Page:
Contrary to popular belief, it is impossible to swallow your tongue. If you are human, at least. Frogs tend to act on purpose every time they eat.
“We know a lot about how frogs extend their tongues and how they attach to their prey, but before this study, everything that happens when they close their mouths was a mystery,” says Rachel Keeffe, a biologist at the University of Florida.
So Keeffe and his colleagues used high-speed X-ray video to find out what was happening when these marine animals closed their mouths to eat, and the results were completely unexpected.
“We didn’t know what was going on at first,” says Keeffe. “The whole floor of the mouth was pulled back into the throat and the tongue along with it.”
It took months of careful study of cane toads (Rhinella Marine) while they ate hundreds of crickets (Sealed Gryllodes) and create 3D animations to understand this amazing feeding system.
Frogs are well known for catching prey with their quick, sticky tongues, but therein lies a challenge their unusual bodies must overcome: how to extract food from the sticky whip to send it to their guts.
From being caught to being swallowed, it all takes less than two seconds, but there is a lot going on inside the frog in that short time.
The team attaches tiny beads to the frogs’ tongues to monitor muscle movements on x-ray images. As the video below shows, the orange markings on the tip of the frog’s tongue are used to catch insects, then back into the frog’s mouth. But it doesn’t stop there, it continues down the throat 4.5 centimeters (1.8 inches), until it almost touches the frog’s heart.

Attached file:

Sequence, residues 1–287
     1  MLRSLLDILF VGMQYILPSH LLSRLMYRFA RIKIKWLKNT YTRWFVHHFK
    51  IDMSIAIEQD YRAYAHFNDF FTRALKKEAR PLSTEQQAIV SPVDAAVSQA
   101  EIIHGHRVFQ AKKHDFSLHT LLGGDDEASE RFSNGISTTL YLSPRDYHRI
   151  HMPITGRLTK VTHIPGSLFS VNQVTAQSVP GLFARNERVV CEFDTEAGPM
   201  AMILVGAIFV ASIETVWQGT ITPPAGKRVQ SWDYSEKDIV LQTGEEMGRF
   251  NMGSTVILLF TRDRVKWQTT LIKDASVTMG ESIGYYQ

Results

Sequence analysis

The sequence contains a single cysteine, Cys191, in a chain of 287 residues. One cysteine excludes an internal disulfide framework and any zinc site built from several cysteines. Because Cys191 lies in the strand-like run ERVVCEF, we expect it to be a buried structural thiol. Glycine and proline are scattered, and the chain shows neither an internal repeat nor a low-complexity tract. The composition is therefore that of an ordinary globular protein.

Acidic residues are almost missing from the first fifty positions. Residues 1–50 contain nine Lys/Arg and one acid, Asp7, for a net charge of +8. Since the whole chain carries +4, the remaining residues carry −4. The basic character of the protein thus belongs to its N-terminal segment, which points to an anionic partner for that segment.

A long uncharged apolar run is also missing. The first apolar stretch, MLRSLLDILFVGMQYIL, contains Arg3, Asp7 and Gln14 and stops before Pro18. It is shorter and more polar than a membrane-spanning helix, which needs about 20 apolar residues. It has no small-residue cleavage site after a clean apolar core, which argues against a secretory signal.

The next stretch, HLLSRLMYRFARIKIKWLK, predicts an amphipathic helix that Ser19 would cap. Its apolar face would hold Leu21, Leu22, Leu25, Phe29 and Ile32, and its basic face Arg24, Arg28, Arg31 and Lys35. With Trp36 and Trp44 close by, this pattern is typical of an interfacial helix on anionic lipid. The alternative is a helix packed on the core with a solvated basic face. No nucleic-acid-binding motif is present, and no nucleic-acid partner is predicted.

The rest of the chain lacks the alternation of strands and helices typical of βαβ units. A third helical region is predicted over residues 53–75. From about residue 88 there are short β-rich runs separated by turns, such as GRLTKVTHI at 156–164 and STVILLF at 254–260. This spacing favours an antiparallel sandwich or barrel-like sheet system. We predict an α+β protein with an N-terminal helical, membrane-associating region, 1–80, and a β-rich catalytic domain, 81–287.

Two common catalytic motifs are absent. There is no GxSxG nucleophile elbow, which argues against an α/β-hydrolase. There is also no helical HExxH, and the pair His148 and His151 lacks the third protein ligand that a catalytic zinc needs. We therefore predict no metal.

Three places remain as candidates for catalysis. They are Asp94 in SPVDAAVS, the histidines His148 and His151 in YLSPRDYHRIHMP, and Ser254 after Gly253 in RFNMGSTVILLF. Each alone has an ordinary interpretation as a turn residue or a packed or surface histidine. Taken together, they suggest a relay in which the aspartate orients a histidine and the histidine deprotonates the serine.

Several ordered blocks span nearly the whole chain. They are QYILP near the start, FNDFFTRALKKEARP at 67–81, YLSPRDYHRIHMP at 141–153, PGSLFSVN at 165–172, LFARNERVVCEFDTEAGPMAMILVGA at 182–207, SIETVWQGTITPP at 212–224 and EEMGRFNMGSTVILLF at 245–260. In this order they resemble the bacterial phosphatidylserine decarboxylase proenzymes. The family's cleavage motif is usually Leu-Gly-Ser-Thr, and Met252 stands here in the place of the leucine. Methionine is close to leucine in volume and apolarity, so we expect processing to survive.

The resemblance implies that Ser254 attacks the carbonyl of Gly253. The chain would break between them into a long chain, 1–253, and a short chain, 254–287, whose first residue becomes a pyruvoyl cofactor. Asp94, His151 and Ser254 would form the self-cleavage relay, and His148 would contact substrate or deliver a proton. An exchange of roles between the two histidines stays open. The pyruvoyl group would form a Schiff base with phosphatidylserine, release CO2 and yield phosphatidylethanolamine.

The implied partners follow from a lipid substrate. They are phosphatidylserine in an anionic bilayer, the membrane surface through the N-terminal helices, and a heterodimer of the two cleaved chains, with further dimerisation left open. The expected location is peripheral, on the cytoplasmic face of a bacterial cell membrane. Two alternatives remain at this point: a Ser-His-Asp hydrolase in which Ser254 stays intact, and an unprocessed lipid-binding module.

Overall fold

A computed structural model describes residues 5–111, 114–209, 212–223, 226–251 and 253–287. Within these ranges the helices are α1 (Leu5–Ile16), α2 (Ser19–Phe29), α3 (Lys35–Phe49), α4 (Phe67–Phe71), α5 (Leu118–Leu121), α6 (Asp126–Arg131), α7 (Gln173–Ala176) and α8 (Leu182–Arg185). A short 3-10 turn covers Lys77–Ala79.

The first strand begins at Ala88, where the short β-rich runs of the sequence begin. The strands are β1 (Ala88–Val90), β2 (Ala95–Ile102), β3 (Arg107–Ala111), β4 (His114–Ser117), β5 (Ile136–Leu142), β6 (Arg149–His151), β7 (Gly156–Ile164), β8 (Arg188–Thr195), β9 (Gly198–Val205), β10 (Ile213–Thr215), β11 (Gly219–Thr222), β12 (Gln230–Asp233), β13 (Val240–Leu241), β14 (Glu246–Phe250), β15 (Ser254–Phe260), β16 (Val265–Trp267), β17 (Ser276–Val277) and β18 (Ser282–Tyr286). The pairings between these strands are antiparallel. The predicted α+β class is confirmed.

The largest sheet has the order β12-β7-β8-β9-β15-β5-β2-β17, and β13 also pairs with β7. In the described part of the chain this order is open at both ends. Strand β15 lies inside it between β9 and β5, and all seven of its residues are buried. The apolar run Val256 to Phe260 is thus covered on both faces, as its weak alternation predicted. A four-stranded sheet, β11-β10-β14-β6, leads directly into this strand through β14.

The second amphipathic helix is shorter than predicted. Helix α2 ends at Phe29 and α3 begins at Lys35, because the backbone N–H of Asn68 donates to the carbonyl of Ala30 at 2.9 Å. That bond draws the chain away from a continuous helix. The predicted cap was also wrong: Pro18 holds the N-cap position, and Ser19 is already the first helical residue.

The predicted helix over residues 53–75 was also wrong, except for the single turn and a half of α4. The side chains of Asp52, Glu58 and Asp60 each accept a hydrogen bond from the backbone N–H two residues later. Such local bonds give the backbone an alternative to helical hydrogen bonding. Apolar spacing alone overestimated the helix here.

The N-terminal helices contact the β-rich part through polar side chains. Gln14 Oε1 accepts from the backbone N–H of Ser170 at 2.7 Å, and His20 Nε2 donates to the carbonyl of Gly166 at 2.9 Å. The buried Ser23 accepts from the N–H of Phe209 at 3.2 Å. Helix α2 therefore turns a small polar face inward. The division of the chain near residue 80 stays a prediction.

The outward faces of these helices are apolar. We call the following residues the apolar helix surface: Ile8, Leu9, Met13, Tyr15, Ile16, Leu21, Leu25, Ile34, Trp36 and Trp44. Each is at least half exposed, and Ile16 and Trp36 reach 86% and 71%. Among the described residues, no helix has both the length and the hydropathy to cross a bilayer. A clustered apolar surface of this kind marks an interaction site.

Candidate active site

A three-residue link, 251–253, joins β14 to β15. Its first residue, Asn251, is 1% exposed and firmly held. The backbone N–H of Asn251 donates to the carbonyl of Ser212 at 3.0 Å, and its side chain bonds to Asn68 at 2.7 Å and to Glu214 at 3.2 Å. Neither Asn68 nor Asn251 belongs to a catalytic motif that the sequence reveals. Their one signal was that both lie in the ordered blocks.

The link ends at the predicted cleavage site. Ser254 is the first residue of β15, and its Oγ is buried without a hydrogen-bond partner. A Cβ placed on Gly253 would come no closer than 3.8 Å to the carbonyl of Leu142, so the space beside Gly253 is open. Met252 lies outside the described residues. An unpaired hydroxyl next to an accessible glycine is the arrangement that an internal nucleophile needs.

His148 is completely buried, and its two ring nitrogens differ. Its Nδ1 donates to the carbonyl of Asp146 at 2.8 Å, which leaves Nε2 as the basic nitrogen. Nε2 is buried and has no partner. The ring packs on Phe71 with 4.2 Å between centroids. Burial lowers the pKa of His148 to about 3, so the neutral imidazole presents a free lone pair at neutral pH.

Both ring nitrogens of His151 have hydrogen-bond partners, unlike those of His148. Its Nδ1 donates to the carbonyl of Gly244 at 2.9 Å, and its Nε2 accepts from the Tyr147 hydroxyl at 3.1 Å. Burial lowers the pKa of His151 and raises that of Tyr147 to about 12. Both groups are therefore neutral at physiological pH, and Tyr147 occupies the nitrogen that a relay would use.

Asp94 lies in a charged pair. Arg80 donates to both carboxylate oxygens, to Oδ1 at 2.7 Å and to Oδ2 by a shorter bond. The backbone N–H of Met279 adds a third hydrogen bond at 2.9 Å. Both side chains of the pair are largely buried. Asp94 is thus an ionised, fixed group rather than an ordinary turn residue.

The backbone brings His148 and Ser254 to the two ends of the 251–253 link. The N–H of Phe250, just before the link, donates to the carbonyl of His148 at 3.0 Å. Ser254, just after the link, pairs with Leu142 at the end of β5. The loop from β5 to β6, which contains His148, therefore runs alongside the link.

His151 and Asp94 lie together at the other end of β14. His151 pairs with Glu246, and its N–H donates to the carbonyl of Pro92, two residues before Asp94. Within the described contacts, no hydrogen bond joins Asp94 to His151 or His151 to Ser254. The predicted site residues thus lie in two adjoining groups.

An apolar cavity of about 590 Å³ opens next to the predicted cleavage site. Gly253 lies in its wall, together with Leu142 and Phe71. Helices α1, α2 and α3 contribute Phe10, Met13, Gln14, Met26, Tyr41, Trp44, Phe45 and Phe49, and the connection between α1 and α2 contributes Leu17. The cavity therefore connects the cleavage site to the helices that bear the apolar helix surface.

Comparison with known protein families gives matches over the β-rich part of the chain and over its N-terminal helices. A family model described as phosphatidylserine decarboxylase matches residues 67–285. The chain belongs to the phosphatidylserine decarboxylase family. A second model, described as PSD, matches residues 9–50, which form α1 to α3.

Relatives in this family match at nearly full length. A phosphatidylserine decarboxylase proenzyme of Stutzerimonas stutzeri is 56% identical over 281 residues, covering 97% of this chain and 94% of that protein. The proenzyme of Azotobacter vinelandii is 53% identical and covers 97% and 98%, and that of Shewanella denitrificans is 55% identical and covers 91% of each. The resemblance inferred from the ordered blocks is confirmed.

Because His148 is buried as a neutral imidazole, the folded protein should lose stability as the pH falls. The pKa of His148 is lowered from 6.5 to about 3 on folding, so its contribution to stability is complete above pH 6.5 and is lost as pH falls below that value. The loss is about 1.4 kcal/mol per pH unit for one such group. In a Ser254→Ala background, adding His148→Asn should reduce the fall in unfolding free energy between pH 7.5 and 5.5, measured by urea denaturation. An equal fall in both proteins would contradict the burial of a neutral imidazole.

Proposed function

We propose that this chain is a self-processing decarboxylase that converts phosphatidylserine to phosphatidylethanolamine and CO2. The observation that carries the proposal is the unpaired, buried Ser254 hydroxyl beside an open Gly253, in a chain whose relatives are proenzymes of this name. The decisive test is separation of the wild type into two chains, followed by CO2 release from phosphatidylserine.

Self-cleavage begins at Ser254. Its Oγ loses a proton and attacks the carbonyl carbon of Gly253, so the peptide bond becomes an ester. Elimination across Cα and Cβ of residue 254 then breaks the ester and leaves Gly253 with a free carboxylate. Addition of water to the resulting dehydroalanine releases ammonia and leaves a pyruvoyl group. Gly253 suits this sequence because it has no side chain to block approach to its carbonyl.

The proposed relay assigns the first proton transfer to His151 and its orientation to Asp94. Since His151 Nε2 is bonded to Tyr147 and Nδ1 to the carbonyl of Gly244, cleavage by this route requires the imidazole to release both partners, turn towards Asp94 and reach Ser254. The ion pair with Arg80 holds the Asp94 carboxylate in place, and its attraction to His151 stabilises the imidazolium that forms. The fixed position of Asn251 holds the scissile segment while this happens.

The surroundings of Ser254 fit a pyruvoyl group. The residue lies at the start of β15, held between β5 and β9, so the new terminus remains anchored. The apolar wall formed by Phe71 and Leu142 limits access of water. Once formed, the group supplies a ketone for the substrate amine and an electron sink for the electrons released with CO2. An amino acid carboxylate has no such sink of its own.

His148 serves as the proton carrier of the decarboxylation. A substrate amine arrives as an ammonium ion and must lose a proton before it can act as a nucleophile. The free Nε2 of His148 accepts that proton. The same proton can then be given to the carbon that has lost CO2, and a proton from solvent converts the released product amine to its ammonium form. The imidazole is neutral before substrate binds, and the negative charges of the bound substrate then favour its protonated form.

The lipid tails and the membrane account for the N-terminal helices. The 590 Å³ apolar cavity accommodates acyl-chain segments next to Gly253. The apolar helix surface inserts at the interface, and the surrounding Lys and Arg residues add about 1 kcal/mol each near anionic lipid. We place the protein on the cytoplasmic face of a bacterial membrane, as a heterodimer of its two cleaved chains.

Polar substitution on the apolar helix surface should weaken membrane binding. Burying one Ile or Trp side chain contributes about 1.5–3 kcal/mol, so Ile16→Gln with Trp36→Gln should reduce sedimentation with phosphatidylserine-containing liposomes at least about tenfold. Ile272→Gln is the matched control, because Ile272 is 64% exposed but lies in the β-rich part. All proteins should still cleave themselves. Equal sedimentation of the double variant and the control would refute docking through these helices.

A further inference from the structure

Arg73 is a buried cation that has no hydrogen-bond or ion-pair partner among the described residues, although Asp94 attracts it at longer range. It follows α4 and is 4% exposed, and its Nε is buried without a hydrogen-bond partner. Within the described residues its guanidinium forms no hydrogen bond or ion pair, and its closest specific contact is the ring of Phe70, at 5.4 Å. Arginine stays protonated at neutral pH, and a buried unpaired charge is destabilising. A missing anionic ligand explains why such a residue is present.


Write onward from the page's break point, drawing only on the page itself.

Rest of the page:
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“The distance the tongue extends during retraction equals or exceeds the maximum distance it extends during protraction,” the researchers said. write it down in their paper, describing the maximum protrusion of the tongue was 4.1 centimeters on average.
Here near their heart, the hyoid – a flexible plate of cartilage suspended by strings of muscle – closes with the tongue.
“The hyoid protrudes and pushes the tongue against the roof of the mouth, then it moves forward, throwing food down the esophagus,” explains Keeffe.
The hyoid (which some frogs also use to make calls) naturally seals the bottom of the mouth when the frog breathes. But its connection to the tongue means that it opens as the muscles grow, opening as the frog opens its mouth, ready for the tongue to move.
This is probably why many frogs and toads have unusual ridges or ‘teeth’ on their mouths, Keeffe is a skeptical group; help in removing this food. The hyoid markers accurately hit the spot in the researchers’ 3D reconstruction. The flexion of the hyoid can also help in its abduction function.
“Even when the frog reinserts its tongue into its mouth twice, the animal remains tongue-tied throughout the experiment,” write Keeffe and colleagues. This suggests that frogs need the hyoid system to efficiently digest their food.
The researchers are eager to repeat this study to see if this tongue is regressing and if the feeding method is found around the world in about 5,000 species of frogs, among them there are many species of color and tongue.
This study was published in Natural Biology.